Developers sometimes spend a significant amount of time searching StackOverflow to find a fix for a code error that turned out to be a relatively simple (and solvable) problem. Why not automate that search process to find the optimal solution, and have it implemented within the code without any human intervention?
What it does
window.onerror browser function will reroute uncaught exceptions to a locally running node.js web server. From there, a GET request is made to StackOverflow's API to search for questions (sorted by highest vote count) where the error message exists in the question title. The answers to each question are then extracted, and if answer content can be converted to instructions including where to make changes to the code, those changes will be made.
How I built it
window.onerror in order to make the GET request. I utilized Node's
fs module to edit files on the computer.
Challenges I ran into
Making the request to StackOverflow's API endpoint proved to be difficult. In the browser and from Postman the result was a perfectly fine JSON object containing relevant questions and their URLs. But from node.js when printing the response body I got output that looked like this: http://i.imgur.com/FrC6bdH.png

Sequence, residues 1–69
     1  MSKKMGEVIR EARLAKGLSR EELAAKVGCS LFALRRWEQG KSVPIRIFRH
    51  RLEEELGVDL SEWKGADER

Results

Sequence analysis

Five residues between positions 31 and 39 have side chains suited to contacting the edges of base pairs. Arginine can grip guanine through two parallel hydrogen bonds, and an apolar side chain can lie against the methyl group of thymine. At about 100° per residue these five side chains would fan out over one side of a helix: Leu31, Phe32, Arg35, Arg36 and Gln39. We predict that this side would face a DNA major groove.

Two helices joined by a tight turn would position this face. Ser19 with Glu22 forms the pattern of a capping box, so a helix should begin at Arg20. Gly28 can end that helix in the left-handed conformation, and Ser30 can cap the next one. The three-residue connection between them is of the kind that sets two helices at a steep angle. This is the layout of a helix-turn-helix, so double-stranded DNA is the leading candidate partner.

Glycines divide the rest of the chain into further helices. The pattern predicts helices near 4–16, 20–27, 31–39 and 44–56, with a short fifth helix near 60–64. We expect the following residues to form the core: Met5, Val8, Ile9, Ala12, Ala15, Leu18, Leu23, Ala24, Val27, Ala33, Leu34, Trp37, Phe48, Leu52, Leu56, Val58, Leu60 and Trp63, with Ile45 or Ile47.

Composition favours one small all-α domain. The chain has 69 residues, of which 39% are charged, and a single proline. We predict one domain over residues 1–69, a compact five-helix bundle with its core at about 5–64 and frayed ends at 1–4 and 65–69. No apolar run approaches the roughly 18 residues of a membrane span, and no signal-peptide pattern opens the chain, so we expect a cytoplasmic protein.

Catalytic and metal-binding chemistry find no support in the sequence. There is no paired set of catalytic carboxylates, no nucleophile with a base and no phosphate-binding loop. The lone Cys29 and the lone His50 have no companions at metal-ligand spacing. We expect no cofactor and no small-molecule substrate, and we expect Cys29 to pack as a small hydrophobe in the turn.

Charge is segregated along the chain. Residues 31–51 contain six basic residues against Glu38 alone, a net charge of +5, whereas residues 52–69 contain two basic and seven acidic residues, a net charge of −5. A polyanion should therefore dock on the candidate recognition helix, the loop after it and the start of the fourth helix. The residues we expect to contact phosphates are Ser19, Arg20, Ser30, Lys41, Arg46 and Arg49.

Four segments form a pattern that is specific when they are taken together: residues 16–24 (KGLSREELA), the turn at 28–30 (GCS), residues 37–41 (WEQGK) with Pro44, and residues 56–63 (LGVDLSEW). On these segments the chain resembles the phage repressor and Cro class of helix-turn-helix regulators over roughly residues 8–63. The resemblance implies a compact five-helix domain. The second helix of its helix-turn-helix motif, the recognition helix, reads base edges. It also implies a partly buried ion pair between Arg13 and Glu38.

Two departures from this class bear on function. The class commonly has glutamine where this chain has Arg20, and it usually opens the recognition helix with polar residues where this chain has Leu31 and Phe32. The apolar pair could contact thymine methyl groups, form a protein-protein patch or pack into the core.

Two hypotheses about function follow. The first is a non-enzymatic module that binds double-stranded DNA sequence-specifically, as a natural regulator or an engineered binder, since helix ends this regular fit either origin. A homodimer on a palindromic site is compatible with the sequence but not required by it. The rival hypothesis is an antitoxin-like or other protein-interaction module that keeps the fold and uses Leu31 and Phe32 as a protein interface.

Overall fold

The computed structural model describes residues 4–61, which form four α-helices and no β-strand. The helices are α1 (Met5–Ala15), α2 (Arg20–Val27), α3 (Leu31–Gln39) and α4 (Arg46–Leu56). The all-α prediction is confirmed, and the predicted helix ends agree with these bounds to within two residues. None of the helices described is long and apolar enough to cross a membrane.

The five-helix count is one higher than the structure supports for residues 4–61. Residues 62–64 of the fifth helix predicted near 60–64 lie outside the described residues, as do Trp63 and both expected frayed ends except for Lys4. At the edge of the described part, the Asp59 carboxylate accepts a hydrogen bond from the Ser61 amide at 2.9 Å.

Hinal from the Clarifai booth was a lifesaver in helping me figure out how to fix that. It turns out all I needed to do was include
gzip: true, as part of the request headers.
Accomplishments that I'm proud of
I'm proud of not attempting to incorporate any of the sponsor companies' APIs just to be eligible for their prizes, because that would have caused unnecessary complexity and distracted me from achieving the main goal.
What I learned
I learned how to accept http requests from web pages that are being accessed from
file:// origins, so that there is no need to serve it over localhost.
What's next for CodeCorrect
Expand the scope of errors for which it can find and implement appropriate solutions. This can be done by making extensions/integrations for popular IDEs, and searching other sites in addition to StackOverflow.